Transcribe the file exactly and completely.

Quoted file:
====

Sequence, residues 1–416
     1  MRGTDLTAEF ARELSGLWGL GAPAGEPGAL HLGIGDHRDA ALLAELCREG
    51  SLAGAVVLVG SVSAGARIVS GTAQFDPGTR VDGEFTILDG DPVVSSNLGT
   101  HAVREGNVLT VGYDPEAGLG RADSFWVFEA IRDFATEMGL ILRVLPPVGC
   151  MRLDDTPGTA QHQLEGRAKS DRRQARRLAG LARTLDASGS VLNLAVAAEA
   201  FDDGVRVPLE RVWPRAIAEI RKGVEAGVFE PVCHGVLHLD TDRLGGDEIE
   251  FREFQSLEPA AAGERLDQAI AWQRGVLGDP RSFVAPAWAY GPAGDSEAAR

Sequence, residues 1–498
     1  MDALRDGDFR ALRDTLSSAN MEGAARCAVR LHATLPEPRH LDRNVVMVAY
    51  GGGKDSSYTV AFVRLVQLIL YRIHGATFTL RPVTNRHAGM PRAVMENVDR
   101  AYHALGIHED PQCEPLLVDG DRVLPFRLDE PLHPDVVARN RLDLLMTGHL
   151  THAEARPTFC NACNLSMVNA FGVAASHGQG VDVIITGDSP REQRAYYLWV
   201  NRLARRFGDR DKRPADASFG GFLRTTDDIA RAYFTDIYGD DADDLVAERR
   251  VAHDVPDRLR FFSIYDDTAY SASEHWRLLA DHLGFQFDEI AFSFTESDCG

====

Sequence, residues 1–416
     1  MRGTDLTAEF ARELSGLWGL GAPAGEPGAL HLGIGDHRDA ALLAELCREG
    51  SLAGAVVLVG SVSAGARIVS GTAQFDPGTR VDGEFTILDG DPVVSSNLGT
   101  HAVREGNVLT VGYDPEAGLG RADSFWVFEA IRDFATEMGL ILRVLPPVGC
   151  MRLDDTPGTA QHQLEGRAKS DRRQARRLAG LARTLDASGS VLNLAVAAEA
   201  FDDGVRVPLE RVWPRAIAEI RKGVEAGVFE PVCHGVLHLD TDRLGGDEIE
   251  FREFQSLEPA AAGERLDQAI AWQRGVLGDP RSFVAPAWAY GPAGDSEAAR

Sequence, residues 1–498
     1  MDALRDGDFR ALRDTLSSAN MEGAARCAVR LHATLPEPRH LDRNVVMVAY
    51  GGGKDSSYTV AFVRLVQLIL YRIHGATFTL RPVTNRHAGM PRAVMENVDR
   101  AYHALGIHED PQCEPLLVDG DRVLPFRLDE PLHPDVVARN RLDLLMTGHL
   151  THAEARPTFC NACNLSMVNA FGVAASHGQG VDVIITGDSP REQRAYYLWV
   201  NRLARRFGDR DKRPADASFG GFLRTTDDIA RAYFTDIYGD DADDLVAERR
   251  VAHDVPDRLR FFSIYDDTAY SASEHWRLLA DHLGFQFDEI AFSFTESDCG